The Clean Energy Choice—To Lead or Lag
This month a group of 50 clean energy CEOs, investors and executives from New England traveled to Washington D.C. to deliver a common message to our leaders in the nation’s capitol: comprehensive energy and climate legislation is critical for building the clean energy economy here in New England and across the United States. The Kerry-Lieberman ‘American Power Act’ has the potential to kick-start our shared vision for the nation’s future. It draws upon many elements of the House’s Waxman-Markey legislation and Senate’s Cantwell-Collins proposal to deliver the market signals that will accelerate private sector investment, speed the transition to a clean, sustainable energy future, and create millions of quality jobs in the U.S. And, as we watch the situation unfold in the Gulf of Mexico and are reminded of our dependency on oil, it couldn’t have come at a more critical juncture.
New England and its business leaders have the ability to effect change. The clean energy sector already includes more than 2,000 Massachusetts companies and 26,000 jobs. It is the fastest growing industry in the region. Clean energy may be the largest opportunity we have ever had to grow new companies, create new jobs and build thriving regional and national economies. However, the clean energy industry in New England is different from its predecessors—textiles, computer hardware and software, Internet business – in scale, timeframes and the amount of investment required.
By now, many of us have heard the numbers. Energy is a $6 trillion global industry that will grow by tens of trillions of dollars during the next 30 years. But clean energy involves capital-intensive manufacturing or projects that produce commodities such as fuel, electricity or clean materials. This combination requires an alignment of policy and public-sector investment with private capital and entrepreneurial activity. The market dictates that company growth and jobs will disproportionally be placed in regions with clear, long-term policies, pricing signals, and a willingness to adopt early.
New England already has some of ingredients to drive private investment. Regional policies such as RGGI (the Regional Greenhouse Gas Initiative), state Renewable Portfolio Standards, advanced building codes, utility energy efficiency programs, and other initiatives have contributed to the growth of the sector. Massachusetts clean energy companies have brought in $1.1 billion in venture capital and private investment deals from 2007-2009, trailing only California, according to Bloomberg New Energy Finance data and a recent Clean Edge report.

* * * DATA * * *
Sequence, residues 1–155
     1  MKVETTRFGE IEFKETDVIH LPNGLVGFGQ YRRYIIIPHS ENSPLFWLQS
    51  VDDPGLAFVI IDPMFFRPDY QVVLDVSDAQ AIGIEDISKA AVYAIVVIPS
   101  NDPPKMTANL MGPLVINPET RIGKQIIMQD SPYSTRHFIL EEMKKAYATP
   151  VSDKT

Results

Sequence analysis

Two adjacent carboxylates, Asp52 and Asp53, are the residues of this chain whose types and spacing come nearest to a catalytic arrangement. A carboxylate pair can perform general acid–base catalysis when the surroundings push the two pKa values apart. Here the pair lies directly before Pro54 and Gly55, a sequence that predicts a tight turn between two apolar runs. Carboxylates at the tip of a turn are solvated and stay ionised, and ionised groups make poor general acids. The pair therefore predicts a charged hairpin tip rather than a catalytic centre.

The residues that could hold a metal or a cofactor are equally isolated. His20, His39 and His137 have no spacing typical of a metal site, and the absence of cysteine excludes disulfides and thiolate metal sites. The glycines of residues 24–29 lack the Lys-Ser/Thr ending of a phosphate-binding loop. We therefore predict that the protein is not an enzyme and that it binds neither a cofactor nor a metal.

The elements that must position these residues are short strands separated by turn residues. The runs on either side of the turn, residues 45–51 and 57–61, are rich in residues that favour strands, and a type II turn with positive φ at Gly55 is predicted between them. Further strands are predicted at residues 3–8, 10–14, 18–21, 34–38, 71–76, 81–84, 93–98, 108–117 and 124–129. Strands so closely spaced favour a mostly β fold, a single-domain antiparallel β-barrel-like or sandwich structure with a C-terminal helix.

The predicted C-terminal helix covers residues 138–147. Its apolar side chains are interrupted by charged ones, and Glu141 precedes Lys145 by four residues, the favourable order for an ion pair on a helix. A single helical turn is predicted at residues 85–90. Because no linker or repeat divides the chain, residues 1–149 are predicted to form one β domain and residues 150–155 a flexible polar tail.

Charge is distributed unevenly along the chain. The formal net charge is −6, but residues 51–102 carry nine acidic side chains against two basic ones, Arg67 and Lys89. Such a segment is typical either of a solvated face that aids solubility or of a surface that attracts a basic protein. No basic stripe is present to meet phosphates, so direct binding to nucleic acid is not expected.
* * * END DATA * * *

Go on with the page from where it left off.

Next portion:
Despite our progress, a recent Pew Charitable Trusts study concluded that in 2009, China invested twice as much as the U.S. in clean energy—$34.6 billion versus $18.6 billion. In addition, in relative terms, the UK invested three times more than the United States last year, and 10 other G20 members devoted a greater percentage of GDP to clean energy than the United States in 2009.
Nearly every one of the New England clean energy executives who traveled to Washington shared stories about the difficulty of financing and growing their companies here compared to other parts of the world. Asia, Europe, and even parts of the Middle East offer clean energy companies the opportunity to build their factories and projects faster, at lower cost and with longer-term customer contracts. These executives want to build their companies in the U.S. to serve global markets, but the cost of capital, readiness of markets and the availability of research funding and skilled workforce will ultimately determine how much of their growth will benefit the region.
So where does that leave us? On the verge. Decisions made during the next several years will determine where investments will be made, and these investments will have impact over several decades on a region’s economy and job market.
The creation and growth of clean energy companies in New England can deliver triple bottom-line results, including:
1. New companies and jobs based on next-generation technologies and services.
2. Displacement of imported oil with domestically produced clean energy, reducing our negative trade imbalance, and recycling those expenditures into our regional economy.
3. Mitigation of climate change impacts, improving quality of life for our children and grandchildren.
If we are to realize a clean energy future, we must change the trajectory of public and private sector investments soon or we will find advanced clean energy technologies reaching economies of scale in other parts of the world. We will replace our dependence on imported oil with a dependence on imported wind turbines and solar panels. We will miss out on regional economic growth and jobs.
Changing the trajectory requires the President and U.S. Senate to show leadership and come together on comprehensive climate and energy legislation.
Early-mover advantages are passing us by. New England and U.S. innovation can lead this critically valuable sector, but immediate passage of comprehensive climate and energy legislation is imperative. A price on carbon and a cap on greenhouse gas emissions will unleash a torrent of private sector investment and the resources for federal funding for clean energy R&D and deployment that will impact the scale of this sector for generations.
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